28 mar If you can negotiate with a teenager, you can negotiate with anyone
If you can negotiate with a teenager, you can negotiate with anyone
Making agreements that your kids will want to keep can make your life (a little) easier
When I was a teenager I was caught going to a party I wasn’t supposed to be going to. My parents had come home earlier than expected and found out that I had gone dancing in the city, which was definitely not OK with them. When I got home, very late, they let me slink into bed, but told me in no uncertain terms that we would have to have a serious talk in the morning. Waking up I had the blackest of consciences and I felt awful, and it didn’t help that my sister was looking at me with pity, quietly shaking her head. I knew that I had violated my parents’ trust and even my fuzzy teenage brain could work out that it had been rather foolish to go out in the middle of the night at my tender age. Sitting down at my bedside, I’m sure they saw how guilty I felt and how sorry I was to have lied to them. Perhaps they even laughed at my tragic expression and penitent look. At this point, my parents could have scolded me, grounded me for weeks and withdrawn all privileges as punishment. But instead they negotiated with me. Knowing that whatever restrictions they might lay on me, being a teenager chances were that my guilty conscience would eventually wear off, my sense of invulnerability resurface and I was very likely to then try to slip out of my bedroom (groundfloor) window again, reasoning that what they didn’t know, wouldn’t hurt them, right? So, instead we made a deal. I was allowed to go into town to party, if I promised to tell them about it, be back by a reasonable time and always being in the company of one of my best friends – a big gentle guy they trusted would keep me out of trouble.
It struck me even then, how my parents did a clever thing by involving me in the solving of a pressing problem: keeping their daughter safe but also dealing with fairly normal teenage rebelliousness and serious lack of judgment. They didn’t try to convince me that what I had done was wrong (I sort of knew this, but knowing it is not the same as making a teenage brain adjust). Instead, they tried to find a way forward that would also accommodate some of my wishes. It can’t have been easy for them, but I remember this as one of the first times I realized how lucky I was to have parents that really cared about me and who I was, that really could see me, even if what they saw was a ridiculously but also dangerously self-confident teenager who liked to go dancing.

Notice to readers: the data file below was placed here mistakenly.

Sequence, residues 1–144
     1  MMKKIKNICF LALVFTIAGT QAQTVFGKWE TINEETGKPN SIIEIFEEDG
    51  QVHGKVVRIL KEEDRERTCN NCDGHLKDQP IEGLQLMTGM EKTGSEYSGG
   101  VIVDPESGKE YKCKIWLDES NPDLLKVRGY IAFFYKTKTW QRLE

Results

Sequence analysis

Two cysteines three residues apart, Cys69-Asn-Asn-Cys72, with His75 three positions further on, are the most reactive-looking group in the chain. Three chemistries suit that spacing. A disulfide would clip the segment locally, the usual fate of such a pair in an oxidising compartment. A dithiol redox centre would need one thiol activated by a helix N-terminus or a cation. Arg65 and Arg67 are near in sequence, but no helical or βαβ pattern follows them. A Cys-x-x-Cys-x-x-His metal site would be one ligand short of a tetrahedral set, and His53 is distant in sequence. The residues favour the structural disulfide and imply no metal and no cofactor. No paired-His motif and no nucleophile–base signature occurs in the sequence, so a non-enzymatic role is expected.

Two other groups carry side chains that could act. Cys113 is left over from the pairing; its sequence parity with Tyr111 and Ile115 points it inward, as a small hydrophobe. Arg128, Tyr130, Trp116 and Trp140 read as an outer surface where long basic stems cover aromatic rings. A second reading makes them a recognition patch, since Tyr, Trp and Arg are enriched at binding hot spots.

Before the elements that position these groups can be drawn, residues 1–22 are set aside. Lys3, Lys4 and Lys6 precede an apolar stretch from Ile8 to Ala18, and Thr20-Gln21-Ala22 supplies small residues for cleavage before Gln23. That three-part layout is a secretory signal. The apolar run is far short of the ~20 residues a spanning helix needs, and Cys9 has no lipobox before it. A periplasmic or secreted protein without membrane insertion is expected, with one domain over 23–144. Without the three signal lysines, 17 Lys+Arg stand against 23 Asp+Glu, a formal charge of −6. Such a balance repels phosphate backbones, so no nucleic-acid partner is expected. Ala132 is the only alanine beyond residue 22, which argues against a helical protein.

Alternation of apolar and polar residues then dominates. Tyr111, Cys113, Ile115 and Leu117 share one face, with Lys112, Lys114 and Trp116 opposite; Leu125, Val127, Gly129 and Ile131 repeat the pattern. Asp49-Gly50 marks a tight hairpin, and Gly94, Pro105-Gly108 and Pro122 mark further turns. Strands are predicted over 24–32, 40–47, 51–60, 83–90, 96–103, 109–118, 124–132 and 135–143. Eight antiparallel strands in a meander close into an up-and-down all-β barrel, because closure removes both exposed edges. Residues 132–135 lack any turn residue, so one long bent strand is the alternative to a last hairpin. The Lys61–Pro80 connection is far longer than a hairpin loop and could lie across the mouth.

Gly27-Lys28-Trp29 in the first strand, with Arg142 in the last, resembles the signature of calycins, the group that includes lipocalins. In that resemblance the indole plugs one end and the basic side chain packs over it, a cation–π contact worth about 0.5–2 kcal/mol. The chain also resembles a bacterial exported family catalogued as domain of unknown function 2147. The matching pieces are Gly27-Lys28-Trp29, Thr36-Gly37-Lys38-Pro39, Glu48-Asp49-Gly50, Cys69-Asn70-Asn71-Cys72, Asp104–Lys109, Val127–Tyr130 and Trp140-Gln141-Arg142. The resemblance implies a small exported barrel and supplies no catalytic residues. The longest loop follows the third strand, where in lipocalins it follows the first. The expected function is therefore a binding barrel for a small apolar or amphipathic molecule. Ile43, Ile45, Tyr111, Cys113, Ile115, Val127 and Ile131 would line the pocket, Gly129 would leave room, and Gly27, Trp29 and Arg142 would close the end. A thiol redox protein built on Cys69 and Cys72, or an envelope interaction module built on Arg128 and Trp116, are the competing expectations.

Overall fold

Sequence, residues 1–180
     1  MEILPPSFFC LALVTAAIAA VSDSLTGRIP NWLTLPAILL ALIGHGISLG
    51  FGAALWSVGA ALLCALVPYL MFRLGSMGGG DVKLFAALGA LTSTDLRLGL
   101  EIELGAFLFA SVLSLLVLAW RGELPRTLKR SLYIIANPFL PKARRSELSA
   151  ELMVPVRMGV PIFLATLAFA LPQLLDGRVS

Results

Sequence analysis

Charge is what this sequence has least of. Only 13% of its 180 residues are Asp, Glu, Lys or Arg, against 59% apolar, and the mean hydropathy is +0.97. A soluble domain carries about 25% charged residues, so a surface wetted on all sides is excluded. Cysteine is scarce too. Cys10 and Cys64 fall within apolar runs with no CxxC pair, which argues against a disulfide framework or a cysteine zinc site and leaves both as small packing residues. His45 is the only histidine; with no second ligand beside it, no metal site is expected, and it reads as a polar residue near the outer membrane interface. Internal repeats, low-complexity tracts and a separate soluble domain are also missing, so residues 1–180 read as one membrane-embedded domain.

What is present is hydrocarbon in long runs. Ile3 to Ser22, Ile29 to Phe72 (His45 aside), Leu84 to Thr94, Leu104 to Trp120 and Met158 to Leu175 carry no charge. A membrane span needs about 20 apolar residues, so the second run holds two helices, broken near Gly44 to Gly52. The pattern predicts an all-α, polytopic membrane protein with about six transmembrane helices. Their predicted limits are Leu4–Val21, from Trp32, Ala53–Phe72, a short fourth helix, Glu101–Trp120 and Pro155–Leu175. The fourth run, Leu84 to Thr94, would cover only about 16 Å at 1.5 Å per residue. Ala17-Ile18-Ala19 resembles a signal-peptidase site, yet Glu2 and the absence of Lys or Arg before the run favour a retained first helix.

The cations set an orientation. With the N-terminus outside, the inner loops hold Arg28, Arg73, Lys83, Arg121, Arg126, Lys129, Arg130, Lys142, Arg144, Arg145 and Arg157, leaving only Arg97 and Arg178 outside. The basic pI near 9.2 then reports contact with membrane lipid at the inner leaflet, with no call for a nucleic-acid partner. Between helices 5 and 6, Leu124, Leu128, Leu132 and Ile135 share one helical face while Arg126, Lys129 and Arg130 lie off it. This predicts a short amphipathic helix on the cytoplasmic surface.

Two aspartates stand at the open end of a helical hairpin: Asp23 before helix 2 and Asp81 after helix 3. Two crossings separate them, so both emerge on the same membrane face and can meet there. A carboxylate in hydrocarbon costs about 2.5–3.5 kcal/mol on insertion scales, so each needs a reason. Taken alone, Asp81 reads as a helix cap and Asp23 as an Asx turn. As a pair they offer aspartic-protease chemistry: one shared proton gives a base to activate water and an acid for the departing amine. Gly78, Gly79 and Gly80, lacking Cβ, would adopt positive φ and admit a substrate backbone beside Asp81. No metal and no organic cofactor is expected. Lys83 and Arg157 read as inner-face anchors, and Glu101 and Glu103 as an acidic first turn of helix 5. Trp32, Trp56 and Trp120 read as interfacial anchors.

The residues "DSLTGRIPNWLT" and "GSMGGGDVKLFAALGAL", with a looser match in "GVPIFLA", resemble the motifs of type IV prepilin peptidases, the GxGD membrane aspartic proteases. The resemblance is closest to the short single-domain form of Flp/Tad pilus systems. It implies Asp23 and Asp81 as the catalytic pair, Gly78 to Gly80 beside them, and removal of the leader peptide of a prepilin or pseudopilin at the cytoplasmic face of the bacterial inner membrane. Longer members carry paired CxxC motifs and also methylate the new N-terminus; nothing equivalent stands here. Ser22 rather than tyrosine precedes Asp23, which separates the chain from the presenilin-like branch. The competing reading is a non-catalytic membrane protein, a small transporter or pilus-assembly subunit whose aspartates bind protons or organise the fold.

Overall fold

My parents didn’t realise they were negotiating. They simply tried to solve a problem, but they did so with the right amount of respect for me, and this is the essence of genuine negotiation. They could have tried to convince me to behave in a different way, but anyone who has ever been in contact with teenagers will know, that this is as likely to happen as a teenager volunteering to do the laundry and cook dinner. They made their own lives easier and less stressful by making an agreement that I was likely to honour and give them a chance to sleep at night without worrying where I might be sneaking off to. They also didn’t have to spend a lot of time controlling me, telling me off and listing all the endless arguments for why I had to stay at home, knowing full well from the glazed-over expression on my face and my tightly crossed arms that I was probably not ‘taking it all in’. They avoided the most common mistake we make when we try to organize our lives with each other: to convince the other person that they are wrong, that they should stop doing what they are doing and become more like us. Don’t get me wrong; of course parents should educate their kids, show them what is right and wrong, having the courage to say an unequivocal ‘no’ to their children and set boundaries for their behavior. But if there is the slightest possibility to accommodate just a few of their ideas and urges when trying to find a way out of a dead-end, then chances are that everyone will be better off. It won’t eliminate rows or heated discussions about dirty clothes on the floor and half-eaten sandwiches under the bed, but for the important questions concerning their education and overall behaviour, negotiation will be a better way to move forward together than laying down the law.
If you are able to make agreements that actually work with your teenager, allowing them to have some say in what will happen however crazy it seems to you, then you will be able to negotiate with anyone. The essence of making balanced, respectful deals is being able to acknowledge how we all have different needs and wants, but also to see that the one thing we all must have is the possibility to influence the agreements, that affect our lives. Truly listening to others explaining how they see the world differently is always a challenge, and if the other is an ungrateful and hugely over-self-confident teenager as I was, it can feel almost impossible. But try. And make deals with them where you keep them safe, and they get to dance the night away.